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Snakebite cases up in flood-hit areas across Nepal

snake bite

KATHMANDU: Number of snakebite cases has gone up in the flood affected areas. The flood victims are more anxious after three people were bitten by the snake in Saptari in a day.
Ramkisun Sada, 50, of Tiladhi Koiladi Rural Municipality, Kritan Mandal, 62, of Kankalini Municipality and Ram Kumar Yadav, 36, of Rajbiraj Municipality in the district were bitten by the poisonous snakes.
Three of the injured were admitted to the Gajendra Naranyan Singh Hospital for the treatment.
According to health assistant Mahanarayan Yadav, the number of snakebites cases have increased after the floods.
As per the hospital data, around 44 snakebite patients have visited the hospital in the last five days, around four to seven patients a day.
Likewise, the Sarlahi-based hospitals have also witnessed an increase in the number of snakebites patients after the recent downpour. Three hospitals in the district are providing treatment to snakebite patients.
The Nawalpur-based Snakebite Treatment Center in the northern part of the district said it was receiving five to six snakebite victims on daily basis.
With the start of the rainfall, snakebite patients have drastically increased, according to the Center’s In-charge Madhav Prasad Thapaliya.
He said that poisonous snakes have come out in the open due to the heavy rains, so people have to be very careful while walking outside of home during this time.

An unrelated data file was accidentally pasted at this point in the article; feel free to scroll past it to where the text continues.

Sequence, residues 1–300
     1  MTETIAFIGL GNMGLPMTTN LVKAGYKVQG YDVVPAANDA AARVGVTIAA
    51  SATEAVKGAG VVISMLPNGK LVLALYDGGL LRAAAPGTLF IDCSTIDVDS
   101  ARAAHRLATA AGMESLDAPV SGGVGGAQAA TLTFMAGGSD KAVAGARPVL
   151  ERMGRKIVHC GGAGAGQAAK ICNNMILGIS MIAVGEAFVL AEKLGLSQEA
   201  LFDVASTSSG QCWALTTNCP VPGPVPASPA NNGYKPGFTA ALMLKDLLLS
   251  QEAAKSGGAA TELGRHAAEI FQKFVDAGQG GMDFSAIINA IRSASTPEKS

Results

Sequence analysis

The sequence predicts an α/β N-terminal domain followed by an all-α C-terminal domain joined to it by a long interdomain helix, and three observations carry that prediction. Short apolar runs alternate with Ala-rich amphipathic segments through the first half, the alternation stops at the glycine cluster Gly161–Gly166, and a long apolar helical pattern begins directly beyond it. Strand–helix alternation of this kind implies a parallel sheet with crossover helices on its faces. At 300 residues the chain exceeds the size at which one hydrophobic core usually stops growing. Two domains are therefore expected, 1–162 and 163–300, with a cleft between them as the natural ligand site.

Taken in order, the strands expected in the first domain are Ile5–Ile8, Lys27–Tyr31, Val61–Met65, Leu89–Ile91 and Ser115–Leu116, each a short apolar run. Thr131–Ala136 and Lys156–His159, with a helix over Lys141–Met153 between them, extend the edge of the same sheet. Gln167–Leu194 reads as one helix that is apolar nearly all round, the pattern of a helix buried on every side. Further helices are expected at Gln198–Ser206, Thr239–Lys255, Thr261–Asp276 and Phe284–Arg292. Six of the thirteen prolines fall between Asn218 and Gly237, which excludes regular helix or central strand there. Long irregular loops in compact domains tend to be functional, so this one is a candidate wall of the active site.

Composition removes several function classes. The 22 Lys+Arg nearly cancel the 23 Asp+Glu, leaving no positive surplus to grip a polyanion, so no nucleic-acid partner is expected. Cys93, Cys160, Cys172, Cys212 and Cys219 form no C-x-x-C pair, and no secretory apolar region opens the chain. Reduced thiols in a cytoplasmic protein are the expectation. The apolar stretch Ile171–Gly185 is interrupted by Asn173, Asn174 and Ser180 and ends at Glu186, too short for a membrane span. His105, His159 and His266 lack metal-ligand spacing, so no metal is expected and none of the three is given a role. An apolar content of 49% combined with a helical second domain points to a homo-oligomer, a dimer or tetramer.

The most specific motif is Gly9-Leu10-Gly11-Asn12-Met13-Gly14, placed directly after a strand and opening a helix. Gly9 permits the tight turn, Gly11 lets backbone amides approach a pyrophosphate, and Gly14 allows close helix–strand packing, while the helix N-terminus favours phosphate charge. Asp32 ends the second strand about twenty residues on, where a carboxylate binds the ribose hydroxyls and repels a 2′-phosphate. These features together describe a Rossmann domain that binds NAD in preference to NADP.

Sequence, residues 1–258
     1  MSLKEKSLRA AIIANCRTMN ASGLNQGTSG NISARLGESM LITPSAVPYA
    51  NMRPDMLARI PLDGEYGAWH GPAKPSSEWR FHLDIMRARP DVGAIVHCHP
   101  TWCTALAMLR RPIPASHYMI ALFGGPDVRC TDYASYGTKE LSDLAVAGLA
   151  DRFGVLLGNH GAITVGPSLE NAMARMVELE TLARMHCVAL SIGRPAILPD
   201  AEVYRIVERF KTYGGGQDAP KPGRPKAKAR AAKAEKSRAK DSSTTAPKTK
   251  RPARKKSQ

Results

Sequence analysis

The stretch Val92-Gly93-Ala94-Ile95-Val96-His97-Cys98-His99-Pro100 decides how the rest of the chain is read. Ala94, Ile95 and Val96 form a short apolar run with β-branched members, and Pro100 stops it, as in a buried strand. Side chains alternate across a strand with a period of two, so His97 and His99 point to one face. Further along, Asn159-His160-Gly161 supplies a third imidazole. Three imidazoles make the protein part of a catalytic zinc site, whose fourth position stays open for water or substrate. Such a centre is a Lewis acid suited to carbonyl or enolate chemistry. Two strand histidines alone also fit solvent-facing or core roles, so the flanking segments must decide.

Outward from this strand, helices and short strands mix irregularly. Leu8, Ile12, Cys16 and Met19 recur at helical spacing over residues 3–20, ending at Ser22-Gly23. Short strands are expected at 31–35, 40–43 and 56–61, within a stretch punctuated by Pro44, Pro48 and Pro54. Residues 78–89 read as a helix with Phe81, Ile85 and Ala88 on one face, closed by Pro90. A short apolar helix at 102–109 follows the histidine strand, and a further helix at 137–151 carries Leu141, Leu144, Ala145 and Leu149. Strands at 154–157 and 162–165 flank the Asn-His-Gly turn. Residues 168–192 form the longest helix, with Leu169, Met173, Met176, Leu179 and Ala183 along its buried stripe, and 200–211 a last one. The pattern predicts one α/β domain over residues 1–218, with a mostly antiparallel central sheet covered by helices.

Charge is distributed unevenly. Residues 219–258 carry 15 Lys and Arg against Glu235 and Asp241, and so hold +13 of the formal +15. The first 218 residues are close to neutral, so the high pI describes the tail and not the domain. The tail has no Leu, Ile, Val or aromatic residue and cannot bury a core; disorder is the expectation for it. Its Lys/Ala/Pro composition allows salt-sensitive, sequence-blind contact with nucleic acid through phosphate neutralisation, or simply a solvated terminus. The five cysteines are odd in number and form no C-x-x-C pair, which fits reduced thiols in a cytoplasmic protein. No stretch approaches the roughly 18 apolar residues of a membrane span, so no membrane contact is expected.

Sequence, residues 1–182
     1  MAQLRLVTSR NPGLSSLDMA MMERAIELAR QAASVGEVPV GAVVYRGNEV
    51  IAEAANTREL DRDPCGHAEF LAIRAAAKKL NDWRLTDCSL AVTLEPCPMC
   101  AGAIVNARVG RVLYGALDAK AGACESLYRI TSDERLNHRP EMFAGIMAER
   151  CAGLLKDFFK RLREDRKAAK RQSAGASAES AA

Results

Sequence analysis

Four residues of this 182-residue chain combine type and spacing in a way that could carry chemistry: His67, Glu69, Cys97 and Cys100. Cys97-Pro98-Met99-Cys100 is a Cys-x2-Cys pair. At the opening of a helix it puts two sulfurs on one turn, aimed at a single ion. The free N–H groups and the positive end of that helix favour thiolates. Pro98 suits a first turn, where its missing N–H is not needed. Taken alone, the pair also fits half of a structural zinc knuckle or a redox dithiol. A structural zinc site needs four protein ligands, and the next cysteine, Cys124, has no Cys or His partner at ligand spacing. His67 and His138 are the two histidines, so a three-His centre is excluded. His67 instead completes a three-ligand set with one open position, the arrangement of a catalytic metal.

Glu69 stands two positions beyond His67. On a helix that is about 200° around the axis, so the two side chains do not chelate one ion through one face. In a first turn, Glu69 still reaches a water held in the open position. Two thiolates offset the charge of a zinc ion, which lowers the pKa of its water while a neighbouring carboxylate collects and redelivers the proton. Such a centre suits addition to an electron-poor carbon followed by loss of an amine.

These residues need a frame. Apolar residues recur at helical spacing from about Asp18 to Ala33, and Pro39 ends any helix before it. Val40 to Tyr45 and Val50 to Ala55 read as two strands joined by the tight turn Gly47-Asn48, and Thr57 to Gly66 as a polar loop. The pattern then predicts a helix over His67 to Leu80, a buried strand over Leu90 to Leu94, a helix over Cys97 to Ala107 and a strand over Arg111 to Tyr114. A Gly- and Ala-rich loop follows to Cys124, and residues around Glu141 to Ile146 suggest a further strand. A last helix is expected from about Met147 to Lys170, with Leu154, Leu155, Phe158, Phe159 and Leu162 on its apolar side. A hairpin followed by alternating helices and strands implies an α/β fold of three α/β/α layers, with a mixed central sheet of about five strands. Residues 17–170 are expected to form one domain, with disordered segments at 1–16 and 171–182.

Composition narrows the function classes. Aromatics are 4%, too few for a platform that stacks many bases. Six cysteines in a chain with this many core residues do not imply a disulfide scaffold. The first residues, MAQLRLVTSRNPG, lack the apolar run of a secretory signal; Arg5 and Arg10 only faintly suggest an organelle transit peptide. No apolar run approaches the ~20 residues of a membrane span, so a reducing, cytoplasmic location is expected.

Majority of the patients who have come seemed to have been beaten at night when they did not use enough light, he added.
Barthawa Primary Health Center in Barthawa and the District Hospital Malangawa in Sarlahi are also providing snakebite treatment. Five people have already been killed in Sarlahi due to snakebite this monsoon.
Doctors have advised to exercise caution during rainy season, as snakes come out to the open areas looking for drier surface.
Meanwhile, snakebite incidents have also increased in Baitadi district. Due to the lack of anti-snake venom, the snakebite patients have been compelled to travel to State capital in Dhangadhi for treatment.
On Saturday, chairman of Baitadi’s District Coordination
Committee (DCC) Siddha Raj Bhatta had to rush his wife Rajudevi Bhatta to Dhangadhi for treatment after she was beaten by a snake and due to lack of anti-snake venom in the district. She is currently undergoing treatment at the Seti Zonal Hospital in Dhangadhi.
According to Chief of the District Hospital Dr. Jagadish Chandra Bista, seven snakebite patients travelled out of the district in the past two months due to lack of anti-snake venom in the district.
“We do not have anti-snake venom, nor trained physician to administer the injection. There is again no ICU or ventilator at the district hospital,” said Dr Bista. “It will be riskier even if the injection administered here, so it is not possible to provide snakebite treatment in this hospital”, said Dr. Bista, adding that they had thus been advising patients to seek treatment outside.
Baitadi has one district hospital, two primary health centers and 64 health posts, but none of these health facilities have anti-snake venom and trained physician to inject the venom. As a result, snakebite patients of the district have to travel to Dhangadhi to receive treatment.
The locals have complained of inconvenience of having to travel to Dhangadhi for treatment.

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